Siberian Blow Holes Could Signal Catastrophic Release of Methane into Earth’s Atmosphere

By: | August 6th, 2014

IndustryTap reported last week on the “Hole to Hell” found in Siberia. Now Dr. Jason Box has measured enormous spikes of methane gas readings in the area around the hole and two more holes of similar size have appeared nearby.

Methane 70 Times More Potent Than CO2 at Trapping Heat

Scientists are speculating that these holes could be signaling the beginning of a rapid release of methane formerly trapped in the earth, but now escaping due to warming trends. If the holes appearing in Siberia are giving off methane, being lighter than air, it is rising and could become explosive at concentrations of 5 to 15% methane or become trapped in the atmosphere where they would contribute to global warming.

The following image shows a National Oceanic and Atmospheric Administration (NOAA) illustration of the global network of greenhouse gas sampling stations. The upper left-hand corner shows one station in Tiski, Siberia, where methane readings are very high compared with historical levels.

Simultaneously, scientists have been reporting releases of methane in the Arctic Ocean due to water warming. In the article “Is The Climate Dragon Awakening”, Box cites James Hansen’s Storms of My Grandchildren a study that warns of human overloading of the atmosphere with carbon and warming it “releasing vast additional carbon stores locked in shallow sea gas hydrates and the Arctic tundra” and the potential for runaway atmospheric warming. Box believes this is the beginning of “an unmanageable climate calamity, runaway climate heating” and says “this is an all hands on deck moment. We’re in the age of consequences.”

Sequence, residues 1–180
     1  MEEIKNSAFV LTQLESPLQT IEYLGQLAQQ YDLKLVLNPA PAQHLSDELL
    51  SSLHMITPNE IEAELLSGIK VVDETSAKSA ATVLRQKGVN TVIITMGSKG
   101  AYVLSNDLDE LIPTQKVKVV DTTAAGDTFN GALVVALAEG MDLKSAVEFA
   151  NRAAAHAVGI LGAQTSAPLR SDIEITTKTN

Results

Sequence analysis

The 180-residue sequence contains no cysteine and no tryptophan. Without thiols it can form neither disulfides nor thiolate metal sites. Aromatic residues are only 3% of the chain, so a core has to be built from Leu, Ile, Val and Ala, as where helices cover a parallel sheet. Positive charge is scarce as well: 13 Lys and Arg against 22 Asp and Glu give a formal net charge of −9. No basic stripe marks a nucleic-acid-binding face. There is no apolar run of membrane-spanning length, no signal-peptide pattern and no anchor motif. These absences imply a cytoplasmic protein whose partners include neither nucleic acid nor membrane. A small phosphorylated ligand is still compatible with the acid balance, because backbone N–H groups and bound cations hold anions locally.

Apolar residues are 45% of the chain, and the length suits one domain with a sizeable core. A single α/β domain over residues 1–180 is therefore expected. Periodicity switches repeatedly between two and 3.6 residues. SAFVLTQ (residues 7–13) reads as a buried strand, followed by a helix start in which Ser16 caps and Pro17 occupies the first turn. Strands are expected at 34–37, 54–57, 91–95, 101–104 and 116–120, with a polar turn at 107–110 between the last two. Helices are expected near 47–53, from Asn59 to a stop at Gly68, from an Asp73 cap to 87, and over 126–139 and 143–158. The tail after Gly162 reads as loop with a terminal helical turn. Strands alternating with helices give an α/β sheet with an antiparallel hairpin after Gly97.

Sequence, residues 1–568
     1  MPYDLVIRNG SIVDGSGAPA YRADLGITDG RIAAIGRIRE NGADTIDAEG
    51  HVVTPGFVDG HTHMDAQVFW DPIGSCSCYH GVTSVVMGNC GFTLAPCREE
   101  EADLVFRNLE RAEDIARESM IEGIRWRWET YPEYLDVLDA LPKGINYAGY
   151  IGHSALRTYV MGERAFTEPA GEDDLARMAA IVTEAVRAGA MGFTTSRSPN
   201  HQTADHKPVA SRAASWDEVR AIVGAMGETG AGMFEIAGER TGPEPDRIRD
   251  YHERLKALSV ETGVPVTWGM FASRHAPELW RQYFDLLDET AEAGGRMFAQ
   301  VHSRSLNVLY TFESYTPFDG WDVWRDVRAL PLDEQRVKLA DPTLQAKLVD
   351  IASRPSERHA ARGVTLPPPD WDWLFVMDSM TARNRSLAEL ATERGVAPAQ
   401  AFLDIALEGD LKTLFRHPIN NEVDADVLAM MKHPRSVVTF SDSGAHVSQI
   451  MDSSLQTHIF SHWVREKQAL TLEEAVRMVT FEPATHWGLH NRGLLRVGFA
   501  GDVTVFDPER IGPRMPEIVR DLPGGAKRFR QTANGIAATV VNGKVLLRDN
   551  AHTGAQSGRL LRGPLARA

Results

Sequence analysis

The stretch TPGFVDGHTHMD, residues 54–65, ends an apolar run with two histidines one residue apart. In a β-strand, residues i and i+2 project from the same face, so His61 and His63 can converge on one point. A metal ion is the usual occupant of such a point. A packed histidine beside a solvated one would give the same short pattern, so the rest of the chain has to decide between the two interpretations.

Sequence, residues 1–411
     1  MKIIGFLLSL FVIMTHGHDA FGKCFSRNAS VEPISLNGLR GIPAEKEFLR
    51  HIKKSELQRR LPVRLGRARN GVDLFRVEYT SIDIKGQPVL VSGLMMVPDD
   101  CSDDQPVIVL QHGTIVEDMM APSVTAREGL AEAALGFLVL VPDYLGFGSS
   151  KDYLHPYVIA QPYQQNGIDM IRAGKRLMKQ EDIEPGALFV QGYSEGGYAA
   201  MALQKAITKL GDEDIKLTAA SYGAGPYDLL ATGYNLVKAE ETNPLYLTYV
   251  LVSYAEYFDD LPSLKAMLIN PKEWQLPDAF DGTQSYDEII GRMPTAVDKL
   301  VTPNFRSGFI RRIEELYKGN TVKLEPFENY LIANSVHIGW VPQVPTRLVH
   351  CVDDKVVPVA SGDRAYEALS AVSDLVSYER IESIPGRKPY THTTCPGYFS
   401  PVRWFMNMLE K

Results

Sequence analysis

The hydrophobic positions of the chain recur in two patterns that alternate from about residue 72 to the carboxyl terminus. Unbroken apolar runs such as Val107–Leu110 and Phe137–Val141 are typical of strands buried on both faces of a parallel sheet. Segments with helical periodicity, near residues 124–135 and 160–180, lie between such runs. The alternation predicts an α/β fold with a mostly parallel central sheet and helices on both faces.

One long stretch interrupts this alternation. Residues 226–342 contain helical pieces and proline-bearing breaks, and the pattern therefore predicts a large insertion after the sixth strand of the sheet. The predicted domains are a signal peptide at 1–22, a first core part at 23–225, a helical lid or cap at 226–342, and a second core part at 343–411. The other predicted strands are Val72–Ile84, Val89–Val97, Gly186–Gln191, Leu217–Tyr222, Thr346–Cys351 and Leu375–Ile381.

Huge Methane Release Would Drastically Alter Climate Change Calculus

A team of Russian researchers surveyed the East Siberian Arctic Shelf off northern Russia between 1991 and 2011 noting huge plumes of methane being released from the ocean seabed over that time period. According to Igor Semiletov of the International Arctic Research Center at the University of Alaska, Fairbanks, who led the study, “earlier, we found small torch-like structures that were tens of meters in diameter releasing methane. More recently we have found structures 3,280 feet (1,000 m) in diameter seeping methane.”

According to Semiletov, the amount of methane reserves beneath the Arctic is greater than all of the carbon stored in the Earth’s coal reserves and we must be concerned about the possible release of this store.

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David Russell Schilling

David enjoys writing about high technology and its potential to make life better for all who inhabit planet earth.

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